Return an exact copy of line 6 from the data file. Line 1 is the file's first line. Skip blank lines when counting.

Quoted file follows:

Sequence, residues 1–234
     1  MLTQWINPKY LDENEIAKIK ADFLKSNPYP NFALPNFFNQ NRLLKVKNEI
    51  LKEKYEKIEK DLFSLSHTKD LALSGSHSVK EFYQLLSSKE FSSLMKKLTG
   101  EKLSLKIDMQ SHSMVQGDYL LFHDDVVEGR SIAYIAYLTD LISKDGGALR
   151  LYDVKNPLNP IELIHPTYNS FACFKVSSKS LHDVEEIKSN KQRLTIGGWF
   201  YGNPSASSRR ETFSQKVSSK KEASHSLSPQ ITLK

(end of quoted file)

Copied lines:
   201  YGNPSASSRR ETFSQKVSSK KEASHSLSPQ ITLK